By Bruce Parker | Vermont Watchdog
The unexpected departure of Jeb Spaulding as secretary of the Vermont Agency of Administration spells the loss of one of Gov. Peter Shumlin’s most useful spinmeisters, even as bad news mounts against the governor from all sides.
As Spaulding looks ahead to a new job as chancellor of the Vermont State Colleges, the official line from last week’s announcement is that the administration secretary found an opportunity for career advancement. An equally compelling story, however, is that Spaulding, the state’s budget chief, saw black clouds forming on the horizon and decided to run for cover.
The announcement of Spaulding’s departure came after five straight months of tax revenue misses and a subsequent $31 million revenue forecast downgrade by state economists.
Cracks in the Shumlin administration’s rosy economic outlook emerged in April, when the monthly revenue report in the most important
SPINMEISTER OUT: Vermont’s outgoing Secretary of Administration Jeb Spaulding claimed to be “very pleased” after announcing big revenue misses this year.
month of the fiscal year revealed personal income tax revenues missed their target by $22.85 million, or 14.8 percent. While former Deputy Secretary of Administration Tom Pelham called the numbers “a big miss,” Spaulding was upbeat: “We do not believe April’s income tax results indicate a change in our steady positive economic trajectory.”
May delivered another significant dip, as the personal income tax component — the largest source of revenue to the General Fund — missed by 10.8 percent. Spaulding found a silver lining, saying, “We are essentially on budgetary target for the year.” He said it was “encouraging” that the personal income tax category was marginally up year-over-year.
In June, when personal income tax revenue missed the target by 7.7 percent, Spaulding grew exuberant, saying, “Revenue forecasters practically hit the nail on the head in terms of projections for the fiscal year. That’s pretty amazing.” He spoke of “our strengthening state economy” and said the administration was “very pleased.”
When personal income tax receipts missed by 4.8 percent in July, the positive spin continued along the same lines.
But when personal income taxes missed by 9.8 percent in August, Spaulding finally sounded the alarm.
“The lagging performance in the withholding component of the Personal Income Tax, which was $4.3 million or 9.8% below target for the month and the main reason General Fund revenues as a whole are under projection, is concerning and requires ongoing attention. …The underperformance suggests that underlying wage growth may not be as robust as the state’s low unemployment rate would ordinarily indicate,” Spaulding said in the report.
With that warning, Spaulding hit the eject button and parachuted out of the Shumlin administration. His departure may signal that economic reality is setting in.
On July 24, Shumlin held an emergency meeting to slash the 2015 budget after economists identified a $31 million gap in projected revenue. The Joint Fiscal Committee approved a Shumlin-proposed rescission plan weeks later, reducing the Legislature’s spending increases for the year. The appearance of a balanced budget seemed illusory at best, however, since $10 million of the cuts came from eliminating a 1.6 percent rate increase to Medicaid reimbursements for health-care providers. Lawmakers said the issue would need to be revisited in the new legislative session in January.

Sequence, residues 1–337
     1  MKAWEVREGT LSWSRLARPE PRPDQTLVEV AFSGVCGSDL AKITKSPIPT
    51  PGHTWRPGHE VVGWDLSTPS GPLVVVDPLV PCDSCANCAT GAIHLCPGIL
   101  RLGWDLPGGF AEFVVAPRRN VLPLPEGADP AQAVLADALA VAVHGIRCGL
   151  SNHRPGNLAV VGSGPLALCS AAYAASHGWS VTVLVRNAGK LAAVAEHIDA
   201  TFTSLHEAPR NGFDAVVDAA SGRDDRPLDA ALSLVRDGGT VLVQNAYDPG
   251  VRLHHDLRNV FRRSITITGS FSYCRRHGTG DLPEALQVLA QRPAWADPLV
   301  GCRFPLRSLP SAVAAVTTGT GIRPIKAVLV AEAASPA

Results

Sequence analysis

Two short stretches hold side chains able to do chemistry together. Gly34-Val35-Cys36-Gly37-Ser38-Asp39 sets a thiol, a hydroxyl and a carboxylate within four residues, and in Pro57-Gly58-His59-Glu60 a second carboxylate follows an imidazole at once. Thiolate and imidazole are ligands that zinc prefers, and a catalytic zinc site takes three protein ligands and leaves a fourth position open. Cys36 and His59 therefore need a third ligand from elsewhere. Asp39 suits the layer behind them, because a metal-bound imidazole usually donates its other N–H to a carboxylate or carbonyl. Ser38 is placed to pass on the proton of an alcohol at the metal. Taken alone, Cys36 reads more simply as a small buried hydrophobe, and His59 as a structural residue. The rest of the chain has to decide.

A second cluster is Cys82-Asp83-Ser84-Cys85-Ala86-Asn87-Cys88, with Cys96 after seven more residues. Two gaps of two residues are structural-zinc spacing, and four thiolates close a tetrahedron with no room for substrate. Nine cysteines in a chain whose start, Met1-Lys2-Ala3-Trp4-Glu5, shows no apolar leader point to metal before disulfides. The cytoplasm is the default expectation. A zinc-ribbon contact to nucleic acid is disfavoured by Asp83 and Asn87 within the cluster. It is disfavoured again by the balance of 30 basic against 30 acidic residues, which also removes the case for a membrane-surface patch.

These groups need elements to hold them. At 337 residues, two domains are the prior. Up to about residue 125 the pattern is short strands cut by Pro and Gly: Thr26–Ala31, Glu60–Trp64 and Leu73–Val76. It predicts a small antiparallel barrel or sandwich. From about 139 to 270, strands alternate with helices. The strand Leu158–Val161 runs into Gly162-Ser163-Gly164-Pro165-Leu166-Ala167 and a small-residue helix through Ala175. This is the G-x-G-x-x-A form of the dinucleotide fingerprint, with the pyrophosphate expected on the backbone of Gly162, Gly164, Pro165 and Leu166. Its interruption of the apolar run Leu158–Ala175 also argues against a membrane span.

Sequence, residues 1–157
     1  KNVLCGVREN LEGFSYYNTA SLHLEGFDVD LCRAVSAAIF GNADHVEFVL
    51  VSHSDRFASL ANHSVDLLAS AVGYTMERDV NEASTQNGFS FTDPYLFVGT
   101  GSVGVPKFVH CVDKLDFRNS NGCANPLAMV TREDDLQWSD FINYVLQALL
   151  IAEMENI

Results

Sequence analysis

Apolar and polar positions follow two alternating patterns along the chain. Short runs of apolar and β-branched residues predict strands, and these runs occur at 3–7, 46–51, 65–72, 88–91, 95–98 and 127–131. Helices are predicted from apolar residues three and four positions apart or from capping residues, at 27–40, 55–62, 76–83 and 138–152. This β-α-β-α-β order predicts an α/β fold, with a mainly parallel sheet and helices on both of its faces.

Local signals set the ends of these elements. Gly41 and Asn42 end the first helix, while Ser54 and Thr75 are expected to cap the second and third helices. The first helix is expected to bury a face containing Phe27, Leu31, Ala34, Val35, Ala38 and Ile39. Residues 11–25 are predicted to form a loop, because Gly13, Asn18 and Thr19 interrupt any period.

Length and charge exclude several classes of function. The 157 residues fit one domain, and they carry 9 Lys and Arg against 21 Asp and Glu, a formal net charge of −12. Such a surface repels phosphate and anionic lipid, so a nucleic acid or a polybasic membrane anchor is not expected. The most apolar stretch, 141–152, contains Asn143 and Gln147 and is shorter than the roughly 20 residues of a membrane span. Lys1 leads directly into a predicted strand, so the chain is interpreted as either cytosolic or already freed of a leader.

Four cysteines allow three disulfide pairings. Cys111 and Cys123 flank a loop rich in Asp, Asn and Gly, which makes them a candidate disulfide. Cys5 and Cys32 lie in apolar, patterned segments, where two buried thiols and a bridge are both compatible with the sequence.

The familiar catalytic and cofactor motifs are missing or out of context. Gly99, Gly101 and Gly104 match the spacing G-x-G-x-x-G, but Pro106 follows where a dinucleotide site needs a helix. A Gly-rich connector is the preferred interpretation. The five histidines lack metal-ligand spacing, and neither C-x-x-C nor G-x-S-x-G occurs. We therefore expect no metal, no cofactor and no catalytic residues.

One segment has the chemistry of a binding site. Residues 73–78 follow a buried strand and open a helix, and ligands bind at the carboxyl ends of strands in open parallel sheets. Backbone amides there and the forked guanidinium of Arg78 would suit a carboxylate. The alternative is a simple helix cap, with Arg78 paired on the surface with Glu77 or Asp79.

Spaulding won’t be around to put a positive spin on the governor’s budget woes.
In fact, the administration’s PR power is dwindling as Shumlin faces mounting problems on all sides.
First, Shumlin failed to get the Internet backbone of his single-payer health care agenda up and running. After spending $67 million to have technology contractor CGI create Vermont Health Connect, Shumlin fired the group. On Sept. 16, Shumlin called a surprise news conference to announce Vermont Health Connect was going offline for a while — a drastic move that has shaken the confidence of Vermonters of all political persuasions.
Next, despite months of rosy talk of economic recovery and low unemployment, businesses appear to be fleeing.
The departure of IBM looks to be slated for October after the computer giant purportedly offered $2 billion to Abu Dhabi-owned semiconductor firm GlobalFoundries to take over its money-losing chip-making plant in Essex Junction. The sale could bring new job losses for Vermonters.
When Benways Taxi went out of business in July, the owner of Burlington’s largest taxi provider blamed high costs related to Vermont’s health care system.
On top of all that, this past week brought renewed talk of a 12.5 percent payroll tax to fund Shumlin’s single payer health care system, collapsing support for Shumlin among Second Amendment groups, and evidence Vermont’s population has flatlined as more people are moving out of the state than moving in.
Spaulding’s exit, it seems, is well-timed. His replacement will need to find new and creative ways to spin the budget, single-payer financing and other bad economic news.
The outgoing administration secretary is not entirely off the hook, however. Once Spaulding begins his new job as chancellor of the Vermont State Colleges, he may have to explain his role in subjugating the Higher Education Trust Fund to the new Vermont Enterprise fund — that fast-dwindling $4.5 million cash reserve better known as Shumlin’s keep-IBM-in-Vermont fund.
Contact Bruce Parker at firstname.lastname@example.org